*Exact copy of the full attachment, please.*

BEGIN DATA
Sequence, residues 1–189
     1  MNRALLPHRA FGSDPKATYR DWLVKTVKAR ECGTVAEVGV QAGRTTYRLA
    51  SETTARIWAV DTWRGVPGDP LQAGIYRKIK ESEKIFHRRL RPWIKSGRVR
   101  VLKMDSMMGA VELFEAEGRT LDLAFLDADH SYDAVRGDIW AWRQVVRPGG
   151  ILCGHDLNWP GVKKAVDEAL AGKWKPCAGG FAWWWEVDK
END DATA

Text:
Sequence, residues 1–189
     1  MNRALLPHRA FGSDPKATYR DWLVKTVKAR ECGTVAEVGV QAGRTTYRLA
    51  SETTARIWAV DTWRGVPGDP LQAGIYRKIK ESEKIFHRRL RPWIKSGRVR
   101  VLKMDSMMGA VELFEAEGRT LDLAFLDADH SYDAVRGDIW AWRQVVRPGG
   151  ILCGHDLNWP GVKKAVDEAL AGKWKPCAGG FAWWWEVDK